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Proven Ways to "Unclog Your Heart," Say Experts

Here’s how to reverse atherosclerosis, according to doctors. 
FACT CHECKED BY Emilia Paluszek

Coronary artery disease, a serious health condition where plaque buildup in arteries can limit blood flow and lead to heart attack and stroke, is the most common type of heart disease. "If you have the gumption to make major changes to your lifestyle, you can, indeed, reverse coronary artery disease," says cardiologist Thomas H. Lee, MSc, MD, BA. "This disease is the accumulation of cholesterol-laden plaque inside the arteries nourishing your heart, a process known as atherosclerosis." Here are five proven ways to unclog your heart, according to experts. Read on—and to ensure your health and the health of others, don't miss these Sure Signs You've Already Had COVID.


Regular Exercise

middle-aged woman jogging in winter in a close up low angle view against a sunny blue sky in a healthy active lifestyle

Research shows regular exercise is highly effective in reversing plaque buildup. "Preliminary studies and case studies have shown that modifying cardiac risk factors (particularly exercising and reducing cholesterol) can definitely decrease atherosclerotic plaques (particularly soft plaques)," says Roger White, MD. "Atherosclerotic plaque is dynamic. Vessels are always changing in response to it with remodeling and development of collateral circulation. There may never be total regression or reversal of atherosclerosis, but modifying any of the cardiac risk factors can influence plaque evolution in a positive direction. The biggest beneficial decrease is seen in the patients with the most advanced atherosclerosis. These are often the patients who have the most prevalent cardiac risk factors. Obviously, if we limit and reverse the factors that lead up to plaque formation it is more likely to slow or reverse the disease process and promote health."


Healthy Diet


"If you want to try cleaning out your arteries, take a look at the program recommended by Dr. Dean Ornish," says Dr. Lee. "These include his 'reversal diet' (a mostly vegetarian diet that delivers no more than 10 percent of calories from fat and fewer than 5 milligrams of cholesterol a day), daily exercise, stress management and group support. In a small trial that started out with 48 volunteers, cholesterol-clogged plaque shrank a small amount in the group following these changes compared with an increase in plaque in a control group."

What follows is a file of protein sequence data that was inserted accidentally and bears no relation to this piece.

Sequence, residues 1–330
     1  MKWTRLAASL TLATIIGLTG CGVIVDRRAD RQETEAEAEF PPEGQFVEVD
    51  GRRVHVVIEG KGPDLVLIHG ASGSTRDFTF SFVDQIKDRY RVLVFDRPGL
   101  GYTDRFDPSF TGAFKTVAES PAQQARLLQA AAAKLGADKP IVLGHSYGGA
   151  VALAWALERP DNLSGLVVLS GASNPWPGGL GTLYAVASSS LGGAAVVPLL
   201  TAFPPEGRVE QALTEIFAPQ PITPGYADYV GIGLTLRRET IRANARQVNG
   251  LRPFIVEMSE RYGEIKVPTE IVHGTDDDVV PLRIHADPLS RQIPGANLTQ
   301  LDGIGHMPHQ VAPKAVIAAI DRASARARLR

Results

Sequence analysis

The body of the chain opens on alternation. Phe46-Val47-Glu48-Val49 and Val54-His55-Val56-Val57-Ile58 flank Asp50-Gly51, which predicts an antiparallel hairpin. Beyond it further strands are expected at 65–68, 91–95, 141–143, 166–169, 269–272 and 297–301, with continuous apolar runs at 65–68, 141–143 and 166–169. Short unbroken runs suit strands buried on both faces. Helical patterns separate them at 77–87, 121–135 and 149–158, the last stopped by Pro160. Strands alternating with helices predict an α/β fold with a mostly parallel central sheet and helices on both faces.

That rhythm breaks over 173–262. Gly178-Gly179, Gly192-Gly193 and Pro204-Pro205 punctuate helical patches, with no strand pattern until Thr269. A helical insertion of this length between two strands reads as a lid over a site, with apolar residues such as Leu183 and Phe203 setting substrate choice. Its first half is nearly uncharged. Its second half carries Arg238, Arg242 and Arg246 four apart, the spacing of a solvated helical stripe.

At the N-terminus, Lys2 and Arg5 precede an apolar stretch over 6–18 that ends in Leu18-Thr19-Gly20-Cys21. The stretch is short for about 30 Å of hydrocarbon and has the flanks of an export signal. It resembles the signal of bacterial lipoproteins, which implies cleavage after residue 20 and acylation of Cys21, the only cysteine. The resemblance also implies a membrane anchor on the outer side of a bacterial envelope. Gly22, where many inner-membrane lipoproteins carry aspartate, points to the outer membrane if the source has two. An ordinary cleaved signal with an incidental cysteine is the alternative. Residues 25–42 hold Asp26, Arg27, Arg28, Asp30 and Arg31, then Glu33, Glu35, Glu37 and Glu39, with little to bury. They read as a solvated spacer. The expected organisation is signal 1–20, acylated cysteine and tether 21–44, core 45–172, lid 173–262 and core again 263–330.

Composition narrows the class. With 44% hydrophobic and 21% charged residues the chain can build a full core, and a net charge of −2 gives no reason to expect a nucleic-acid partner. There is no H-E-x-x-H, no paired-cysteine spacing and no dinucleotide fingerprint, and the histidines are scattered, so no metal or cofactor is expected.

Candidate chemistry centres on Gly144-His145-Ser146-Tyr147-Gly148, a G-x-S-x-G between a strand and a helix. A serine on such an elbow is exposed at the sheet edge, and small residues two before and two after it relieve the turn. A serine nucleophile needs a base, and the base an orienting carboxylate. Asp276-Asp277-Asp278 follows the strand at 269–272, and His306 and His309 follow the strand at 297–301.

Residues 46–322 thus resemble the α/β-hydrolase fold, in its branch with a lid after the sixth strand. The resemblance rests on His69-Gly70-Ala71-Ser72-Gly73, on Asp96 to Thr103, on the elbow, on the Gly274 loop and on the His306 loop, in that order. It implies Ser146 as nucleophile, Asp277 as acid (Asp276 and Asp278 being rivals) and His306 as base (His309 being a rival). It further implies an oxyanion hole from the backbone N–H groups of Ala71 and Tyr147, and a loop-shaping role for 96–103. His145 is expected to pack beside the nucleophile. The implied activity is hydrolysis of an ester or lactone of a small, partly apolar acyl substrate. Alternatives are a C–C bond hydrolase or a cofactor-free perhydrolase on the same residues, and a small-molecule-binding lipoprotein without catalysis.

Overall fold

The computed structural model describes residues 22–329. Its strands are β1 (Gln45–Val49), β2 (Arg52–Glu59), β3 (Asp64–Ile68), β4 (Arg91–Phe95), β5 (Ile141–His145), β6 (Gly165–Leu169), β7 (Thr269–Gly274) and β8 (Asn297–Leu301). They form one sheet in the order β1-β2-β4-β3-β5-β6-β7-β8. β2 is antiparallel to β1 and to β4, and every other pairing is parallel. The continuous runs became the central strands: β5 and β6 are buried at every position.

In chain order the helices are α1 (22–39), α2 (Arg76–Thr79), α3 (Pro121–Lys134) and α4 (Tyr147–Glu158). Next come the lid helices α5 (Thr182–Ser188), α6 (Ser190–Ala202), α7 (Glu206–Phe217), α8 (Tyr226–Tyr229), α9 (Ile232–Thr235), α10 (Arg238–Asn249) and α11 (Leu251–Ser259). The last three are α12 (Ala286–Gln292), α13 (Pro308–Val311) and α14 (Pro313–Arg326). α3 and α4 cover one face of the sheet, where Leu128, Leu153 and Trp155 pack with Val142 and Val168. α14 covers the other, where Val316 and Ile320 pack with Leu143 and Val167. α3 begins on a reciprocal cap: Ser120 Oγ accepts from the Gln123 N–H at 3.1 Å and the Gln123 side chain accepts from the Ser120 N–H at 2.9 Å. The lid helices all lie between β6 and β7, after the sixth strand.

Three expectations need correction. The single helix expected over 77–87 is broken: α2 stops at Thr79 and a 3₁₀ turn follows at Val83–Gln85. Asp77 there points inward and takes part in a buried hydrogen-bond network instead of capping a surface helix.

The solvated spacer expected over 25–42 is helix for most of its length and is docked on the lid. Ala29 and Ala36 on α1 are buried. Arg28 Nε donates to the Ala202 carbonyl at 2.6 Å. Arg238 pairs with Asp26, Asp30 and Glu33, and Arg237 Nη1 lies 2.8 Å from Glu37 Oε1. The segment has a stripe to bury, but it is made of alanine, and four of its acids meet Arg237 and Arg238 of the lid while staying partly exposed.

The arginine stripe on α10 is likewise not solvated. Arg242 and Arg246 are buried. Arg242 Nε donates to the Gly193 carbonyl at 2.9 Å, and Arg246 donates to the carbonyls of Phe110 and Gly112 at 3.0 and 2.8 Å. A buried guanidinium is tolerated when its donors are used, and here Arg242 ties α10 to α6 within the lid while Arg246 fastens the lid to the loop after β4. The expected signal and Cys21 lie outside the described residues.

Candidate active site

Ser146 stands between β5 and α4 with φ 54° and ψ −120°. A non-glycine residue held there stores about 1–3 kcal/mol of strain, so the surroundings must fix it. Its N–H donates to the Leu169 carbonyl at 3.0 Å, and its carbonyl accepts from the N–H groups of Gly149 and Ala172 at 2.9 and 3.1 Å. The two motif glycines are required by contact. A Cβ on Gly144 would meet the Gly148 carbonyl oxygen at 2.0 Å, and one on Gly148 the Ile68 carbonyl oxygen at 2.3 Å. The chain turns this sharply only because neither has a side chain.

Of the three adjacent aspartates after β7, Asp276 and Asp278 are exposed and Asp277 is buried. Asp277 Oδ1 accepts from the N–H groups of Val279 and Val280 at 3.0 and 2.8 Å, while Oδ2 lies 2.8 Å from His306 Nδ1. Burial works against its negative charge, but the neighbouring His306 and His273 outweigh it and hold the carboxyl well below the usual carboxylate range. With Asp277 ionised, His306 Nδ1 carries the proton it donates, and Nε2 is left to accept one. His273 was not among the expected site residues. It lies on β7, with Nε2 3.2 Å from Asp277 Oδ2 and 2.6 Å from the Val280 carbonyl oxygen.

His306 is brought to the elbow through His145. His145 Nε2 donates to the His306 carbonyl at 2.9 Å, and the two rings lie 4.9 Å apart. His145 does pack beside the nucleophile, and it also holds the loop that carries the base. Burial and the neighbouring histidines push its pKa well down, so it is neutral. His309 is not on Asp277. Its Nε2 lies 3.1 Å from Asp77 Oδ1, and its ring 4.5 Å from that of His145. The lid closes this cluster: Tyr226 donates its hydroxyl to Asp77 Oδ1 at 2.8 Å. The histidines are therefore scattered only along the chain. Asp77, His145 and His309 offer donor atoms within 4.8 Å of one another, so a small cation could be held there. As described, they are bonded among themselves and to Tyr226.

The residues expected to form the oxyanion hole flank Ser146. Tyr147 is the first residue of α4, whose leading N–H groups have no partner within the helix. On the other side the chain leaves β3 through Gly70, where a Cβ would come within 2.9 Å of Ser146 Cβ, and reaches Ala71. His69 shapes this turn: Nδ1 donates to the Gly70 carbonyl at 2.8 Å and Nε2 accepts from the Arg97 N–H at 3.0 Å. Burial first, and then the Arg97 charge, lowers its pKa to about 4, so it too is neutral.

Quit Smoking

stop smoking

Cigarette smoking is strongly linked to arterial plaque buildup, experts warn—even via secondhand smoke. "Tobacco smoke can damage the coronary arteries of nonsmokers through many different ways, which can lead to plaque formation and then to heart attacks, so this lends more [credence] to enforcing smoking bans," says Harvey Hecht, MD, associate director of cardiac imaging and professor of medicine at Mount Sinai Medical Center. "We know heart disease is significantly accelerated by secondhand smoke exposure, so it should be included as a routine part of medical exams and discussions about heart disease and try to prevent it as best we can."


Maintain a Healthy Weight

weight fluctuates

Losing weight may help reverse atherosclerosis, research shows. "Long-term adherence to weight-loss diets is effective for reversing carotid atherosclerosis as long as we stick to one of the current options of healthy diet strategy," says Iris Shai, RD, PhD, study lead author and a nutrition epidemiologist at Ben-Gurion University of the Negev in Beer-Sheva, Israel. "This effect is more pronounced among mildly obese persons who lose more than 5.5 kilograms (12.1 lbs) of body weight and whose systolic blood pressure decreases by more than 7 mmHg. An increase in ApoA1 (HDL cholesterol apolipoprotein) and a decrease in total homocysteine blood levels are further associated with subsequent success in reversing carotid atherosclerosis."


Watch Your Blood Sugar

female using lancelet on finger to checking blood sugar level by Glucose meter

Studies show high blood sugar can lead to clogged arteries. "Inflammation in blood vessels is one of the main drivers of atherosclerosis, and diabetes makes it much worse," says Jun-ichi Abe, MD, PhD, associate professor with the Aab Cardiovascular Research Center at the University of Rochester Medical Center.

Ferozan Mast
Ferozan Mast is a science, health and wellness writer with a passion for making science and research-backed information accessible to a general audience. Read more about Ferozan